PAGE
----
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Mexico: Labour law reforms approved

13 November 2012
Mexico has approved labour law reforms that will eliminate free and secret votes to elect union leaders.

The Cámara de Diputados in Mexcio (House of representatives) has approved a labour reform that will eliminate free and secret vote to elect union leaders.

Members of various unions have rallied and protested against the labour reform, and according to the police, some of the activists tried to force their entry into the premises of the legislature. But Humberto Montes de Oca fom the Mexican Electrical Workers (SME), denied this: "They seek to divert attention from the essential and to criminalise protest. Although the protest was strong, it was not violent. They want us to appear as if we were vandals, to discredit us."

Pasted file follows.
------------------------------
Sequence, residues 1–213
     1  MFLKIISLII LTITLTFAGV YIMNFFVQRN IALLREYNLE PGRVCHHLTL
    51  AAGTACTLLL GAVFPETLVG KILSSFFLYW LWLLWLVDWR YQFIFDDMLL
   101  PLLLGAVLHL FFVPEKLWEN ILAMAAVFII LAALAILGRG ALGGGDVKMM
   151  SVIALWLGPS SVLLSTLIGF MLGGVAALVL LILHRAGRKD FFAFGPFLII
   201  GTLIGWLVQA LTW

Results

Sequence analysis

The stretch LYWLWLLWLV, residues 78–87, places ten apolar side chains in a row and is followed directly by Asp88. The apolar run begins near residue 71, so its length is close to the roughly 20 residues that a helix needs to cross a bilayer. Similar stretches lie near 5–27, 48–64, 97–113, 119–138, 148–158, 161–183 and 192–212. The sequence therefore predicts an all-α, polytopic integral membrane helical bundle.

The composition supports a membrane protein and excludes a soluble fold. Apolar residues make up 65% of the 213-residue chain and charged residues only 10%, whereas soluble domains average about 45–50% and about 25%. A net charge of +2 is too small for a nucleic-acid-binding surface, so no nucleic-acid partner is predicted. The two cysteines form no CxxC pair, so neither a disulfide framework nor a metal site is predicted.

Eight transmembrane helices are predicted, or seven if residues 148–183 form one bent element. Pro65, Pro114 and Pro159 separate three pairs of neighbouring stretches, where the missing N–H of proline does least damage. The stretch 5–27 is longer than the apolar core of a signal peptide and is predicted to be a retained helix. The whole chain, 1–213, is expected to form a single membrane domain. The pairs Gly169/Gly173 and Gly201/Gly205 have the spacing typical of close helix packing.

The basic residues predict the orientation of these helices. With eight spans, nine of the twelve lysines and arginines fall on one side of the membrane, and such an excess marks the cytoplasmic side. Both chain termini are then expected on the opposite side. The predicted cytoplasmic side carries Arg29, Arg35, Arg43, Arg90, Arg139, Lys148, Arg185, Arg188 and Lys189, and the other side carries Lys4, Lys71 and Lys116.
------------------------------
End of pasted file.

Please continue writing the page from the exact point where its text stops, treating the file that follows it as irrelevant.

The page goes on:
"We can not allow our rights to negotiate to be restricted," said Martin Esparza Flores, general secretary of the SME.

Oscar Moreno, President of the Labour Congress of Mexico, said that workers "have been deceived", adding that they have never objected to necessary adjustments to the labour laws, but only if they ensured jobs and workers rights were not affected.

The leader of the university workers (STUNAM) Agustin Rodriguez, said that the discussion on trade union freedom and transparency was "just a distraction" for not addressing issues such as precarious work.

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